He returned in the fall as a two-way player, but Cassidy and Gray’s teammates knew his pitching skills had improved. His fastball was “heavy,” as former teammate Ben Walsh described it, a quick, effortless motion that gave it the illusion of rising as it reached the top of the zone. The Dolphins train at Sport Center 481 in Syracuse, a facility marked with a white backdrop behind pitchers that makes it difficult for hitters to see the ball out of the pitcher’s hands.
That winter, former teammate Alex Kubera watched Gray during a bullpen session. Kubera noticed he was trying to throw his slider too much during a live batting session.
“Dude, you throw 94-96 mph, just throw it at the top of the zone and you’re going to strike the guy out,” Kubera said to Gray in the echoing building. Gray struck out the batter on the next pitch, a high fastball just like Kubera told him.
Gray continued to bat and play shortstop during his sophomore year, all while putting on nearly 30 pounds of muscle. His mother, Monica, said she remembers keeping “jars and jars” of peanut butter around the house. She raised three boys and never once saw that much peanut butter in her home, she said. At Le Moyne, Gray frequented the Dolphin Den dining hall, located next to the athletic training facility. He said he’d eat everything that was offered. Gray knew he needed to put on more weight in order to find the force he needed behind his newfound fastball. Mac and cheese and chicken patty sandwiches were staples, he said.
He finished his sophomore season hitting .226, striking out nearly 30% of the time. So Gray understood when Cassidy invited him into his office at the end of the year to tell him hitting wasn’t in his future. Gray grew up wanting to be a shortstop in the major leagues and emphasized that to his coach, but he finally sighed and agreed to transition to a pitcher.
“You have a chance to make money on the mound, that’s where your bread and butter is,” Cassidy told Gray.
Gray spent his senior year of high school as the second ace on Annunziata’s staff. He had great command, and his “fluid” motion allowed him to throw a plethora of different pitches for strikes, Annunziata said. But when Cassidy called Gray to offer him a scholarship to play at Le Moyne, that wasn’t in the cards. Gray received a call from Cassidy late one night while the then-high school senior played at a Perfect Game tournament in Georgia. He’d been talking with Gray for the past week and had seen him play a few games in New Rochelle.
Gray was shocked and excited at the opportunity to play shortstop in college. So he immediately called his mother to tell her Cassidy had offered a $25,000 scholarship for him to play baseball. She called the coach to set up an official meeting in person. When they visited Le Moyne for Cassidy’s presentation, Gray and his parents instantly fell in love with the campus.
Former Le Moyne player Brian Cox led an overnight trip with Gray and a few of his future teammates. He said Gray was quiet, but one of the nicest people he’s ever met. Gray was just trying to “get a vibe” of the academics and the surrounding Syracuse area. Division II Le Moyne ended up being his only offer to play college baseball. Cox and several other recruits went out to a few places, including Clinton Street Pub, and let him sleep in their suite-style dorm room. That night they all watched Derek Jeter hit his final walk-off single against the Baltimore Orioles, something Gray said he’ll always remember.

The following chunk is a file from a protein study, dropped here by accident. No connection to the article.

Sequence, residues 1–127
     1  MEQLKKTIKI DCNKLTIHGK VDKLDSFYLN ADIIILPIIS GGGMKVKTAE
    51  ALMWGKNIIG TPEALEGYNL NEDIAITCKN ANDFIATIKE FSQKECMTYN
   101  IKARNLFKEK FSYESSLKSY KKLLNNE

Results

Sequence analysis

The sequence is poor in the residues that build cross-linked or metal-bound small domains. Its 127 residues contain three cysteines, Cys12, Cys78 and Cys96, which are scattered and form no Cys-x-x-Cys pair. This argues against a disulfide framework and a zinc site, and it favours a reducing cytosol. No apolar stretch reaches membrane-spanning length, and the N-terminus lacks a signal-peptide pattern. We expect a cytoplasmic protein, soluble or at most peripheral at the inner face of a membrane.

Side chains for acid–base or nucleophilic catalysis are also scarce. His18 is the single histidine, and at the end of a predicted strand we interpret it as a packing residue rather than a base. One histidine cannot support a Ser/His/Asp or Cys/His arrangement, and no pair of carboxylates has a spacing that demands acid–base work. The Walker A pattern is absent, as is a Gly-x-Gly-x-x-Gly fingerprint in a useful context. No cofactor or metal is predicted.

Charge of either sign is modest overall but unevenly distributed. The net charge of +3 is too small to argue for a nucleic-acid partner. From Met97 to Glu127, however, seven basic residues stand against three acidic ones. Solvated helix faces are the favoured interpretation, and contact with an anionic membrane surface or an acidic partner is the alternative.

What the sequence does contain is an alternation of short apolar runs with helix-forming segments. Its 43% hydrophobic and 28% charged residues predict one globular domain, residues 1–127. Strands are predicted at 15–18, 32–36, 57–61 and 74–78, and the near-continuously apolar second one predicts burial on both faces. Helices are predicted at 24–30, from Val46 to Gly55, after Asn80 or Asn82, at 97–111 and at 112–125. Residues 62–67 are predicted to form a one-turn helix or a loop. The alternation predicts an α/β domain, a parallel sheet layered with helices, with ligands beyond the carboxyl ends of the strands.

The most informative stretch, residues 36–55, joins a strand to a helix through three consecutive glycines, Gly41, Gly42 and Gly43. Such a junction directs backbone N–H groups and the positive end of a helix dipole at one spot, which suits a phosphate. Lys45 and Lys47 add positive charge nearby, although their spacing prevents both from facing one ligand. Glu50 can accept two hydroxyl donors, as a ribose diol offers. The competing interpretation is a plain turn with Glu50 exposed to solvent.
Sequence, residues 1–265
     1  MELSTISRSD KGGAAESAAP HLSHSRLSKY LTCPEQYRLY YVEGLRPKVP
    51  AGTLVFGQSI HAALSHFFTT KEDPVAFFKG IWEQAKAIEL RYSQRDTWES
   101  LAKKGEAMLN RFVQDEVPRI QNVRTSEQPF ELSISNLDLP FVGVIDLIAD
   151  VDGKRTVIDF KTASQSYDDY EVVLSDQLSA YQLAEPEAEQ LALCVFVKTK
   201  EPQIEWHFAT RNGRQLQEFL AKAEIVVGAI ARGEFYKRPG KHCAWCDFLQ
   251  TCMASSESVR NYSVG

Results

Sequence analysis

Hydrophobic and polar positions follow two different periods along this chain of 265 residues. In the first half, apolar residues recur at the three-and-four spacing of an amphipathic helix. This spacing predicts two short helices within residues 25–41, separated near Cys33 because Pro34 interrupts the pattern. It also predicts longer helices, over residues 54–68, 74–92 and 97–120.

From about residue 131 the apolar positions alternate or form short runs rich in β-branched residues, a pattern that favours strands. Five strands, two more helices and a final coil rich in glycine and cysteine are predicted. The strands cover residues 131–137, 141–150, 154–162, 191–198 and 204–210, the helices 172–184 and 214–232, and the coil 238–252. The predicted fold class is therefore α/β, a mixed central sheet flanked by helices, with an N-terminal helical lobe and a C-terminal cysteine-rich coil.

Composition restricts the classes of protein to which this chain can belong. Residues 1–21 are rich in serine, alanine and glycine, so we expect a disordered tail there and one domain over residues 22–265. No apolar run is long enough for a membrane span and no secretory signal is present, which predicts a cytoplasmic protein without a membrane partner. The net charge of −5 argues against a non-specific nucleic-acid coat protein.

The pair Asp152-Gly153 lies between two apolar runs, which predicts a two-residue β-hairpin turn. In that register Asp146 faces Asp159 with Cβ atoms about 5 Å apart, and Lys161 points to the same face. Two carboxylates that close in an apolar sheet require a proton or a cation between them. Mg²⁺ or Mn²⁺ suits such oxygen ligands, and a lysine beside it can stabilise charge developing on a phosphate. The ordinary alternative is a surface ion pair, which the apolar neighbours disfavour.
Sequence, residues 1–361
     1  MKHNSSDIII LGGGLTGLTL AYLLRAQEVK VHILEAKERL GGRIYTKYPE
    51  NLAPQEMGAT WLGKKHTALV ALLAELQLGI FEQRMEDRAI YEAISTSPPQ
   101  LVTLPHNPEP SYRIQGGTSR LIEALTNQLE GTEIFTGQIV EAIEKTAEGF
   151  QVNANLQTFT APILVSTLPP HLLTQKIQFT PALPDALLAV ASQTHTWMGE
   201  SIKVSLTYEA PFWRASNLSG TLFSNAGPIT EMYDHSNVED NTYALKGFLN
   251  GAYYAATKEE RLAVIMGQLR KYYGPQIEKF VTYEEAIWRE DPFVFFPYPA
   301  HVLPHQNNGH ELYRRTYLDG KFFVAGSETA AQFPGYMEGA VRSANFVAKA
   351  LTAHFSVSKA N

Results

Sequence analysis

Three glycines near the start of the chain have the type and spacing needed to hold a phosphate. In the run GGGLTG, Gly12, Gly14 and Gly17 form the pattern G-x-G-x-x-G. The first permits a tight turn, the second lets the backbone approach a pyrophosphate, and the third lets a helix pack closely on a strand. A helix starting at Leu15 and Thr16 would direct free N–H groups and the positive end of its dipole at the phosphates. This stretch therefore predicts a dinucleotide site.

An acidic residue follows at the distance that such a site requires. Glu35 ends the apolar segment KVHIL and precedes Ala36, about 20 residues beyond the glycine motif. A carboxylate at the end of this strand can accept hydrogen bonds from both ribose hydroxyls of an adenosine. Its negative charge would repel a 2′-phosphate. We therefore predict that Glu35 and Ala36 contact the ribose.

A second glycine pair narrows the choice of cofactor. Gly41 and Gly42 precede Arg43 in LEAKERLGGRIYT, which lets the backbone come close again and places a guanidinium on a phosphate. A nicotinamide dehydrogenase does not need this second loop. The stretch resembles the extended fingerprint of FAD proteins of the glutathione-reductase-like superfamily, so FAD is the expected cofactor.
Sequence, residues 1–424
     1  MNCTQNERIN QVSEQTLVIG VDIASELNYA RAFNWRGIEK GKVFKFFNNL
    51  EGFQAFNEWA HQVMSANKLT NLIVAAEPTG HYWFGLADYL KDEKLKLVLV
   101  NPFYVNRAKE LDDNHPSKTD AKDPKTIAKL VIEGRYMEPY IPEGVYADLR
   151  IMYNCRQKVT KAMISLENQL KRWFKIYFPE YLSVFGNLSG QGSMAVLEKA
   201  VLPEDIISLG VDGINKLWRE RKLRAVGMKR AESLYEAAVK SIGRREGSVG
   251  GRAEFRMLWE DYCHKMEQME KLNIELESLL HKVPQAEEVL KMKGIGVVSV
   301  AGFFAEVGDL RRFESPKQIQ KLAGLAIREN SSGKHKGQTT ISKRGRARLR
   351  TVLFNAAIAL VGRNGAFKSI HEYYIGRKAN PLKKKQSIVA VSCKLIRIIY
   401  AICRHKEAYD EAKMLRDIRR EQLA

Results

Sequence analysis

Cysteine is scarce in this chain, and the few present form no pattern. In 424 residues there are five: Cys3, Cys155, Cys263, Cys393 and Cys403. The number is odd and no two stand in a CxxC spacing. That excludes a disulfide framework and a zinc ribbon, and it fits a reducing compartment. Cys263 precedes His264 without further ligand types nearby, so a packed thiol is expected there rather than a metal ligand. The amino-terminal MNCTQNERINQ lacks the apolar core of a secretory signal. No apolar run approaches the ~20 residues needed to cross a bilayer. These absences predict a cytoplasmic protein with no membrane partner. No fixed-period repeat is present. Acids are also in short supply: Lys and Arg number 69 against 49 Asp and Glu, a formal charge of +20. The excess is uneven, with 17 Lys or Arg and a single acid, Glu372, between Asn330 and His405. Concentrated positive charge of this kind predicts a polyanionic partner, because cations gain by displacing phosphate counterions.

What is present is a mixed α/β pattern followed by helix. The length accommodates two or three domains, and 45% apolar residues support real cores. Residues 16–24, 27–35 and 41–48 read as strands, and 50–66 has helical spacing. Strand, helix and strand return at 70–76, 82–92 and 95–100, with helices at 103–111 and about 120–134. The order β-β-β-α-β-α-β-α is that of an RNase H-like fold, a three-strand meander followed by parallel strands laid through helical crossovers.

Gray verbally committed the next day.
Even after his freshman year going into the summer, our intent was for him to be the starting shortstop. But when he came back in the fall his arm strength was just lightning at that point.
Scott Cassidy, Le Moyne baseball head coach
“Having (Cassidy) ahead of him to kind of show him the ropes,” Cox said. “Knowing that he knows what it takes to be in the show, I think that really resonated between those two.”
At the end of Gray’s junior year with Le Moyne, the Dolphins made a run to the DII NCAA Tournament. He started two straight games against Pace. After throwing eight shutout innings, Gray jogged out to the mound to seal the game. On his final pitch, he threw a 96 mph fastball that caught the outside corner of the zone. His final pitch left teammates stunned. Nine scoreless innings capped off by a high 90s fastball on the black.
Two starts later the Dolphins faced Merrimack, looking for their first NCAA Regional win in seven years. Cassidy said Gray had been talking with MLB scouts all week, and Gray said classmates were telling him the whole time that these would be his final moments as a student at Le Moyne. Gray didn’t care. He settled in on the mound, emotionless like always.
Annunziata said Gray will “never show up” a batter by celebrating on the field. He waits until after the game to pour out his heart.
In the final inning, he was still throwing his upper-90s fastball, the one he said has “pure backspin” that doesn’t fall off at the top of the zone. It didn’t exist four years ago when Gray first walked on to Le Moyne’s campus, but it would carry him to pitch alongside Clayton Kershaw with the Los Angeles Dodgers.
“Having an inkling that that was my last college pitch made that moment even more special,” Gray said.
The post How Josiah Gray grew from under-recruited short stop to top MLB draft pick appeared first on The Daily Orange.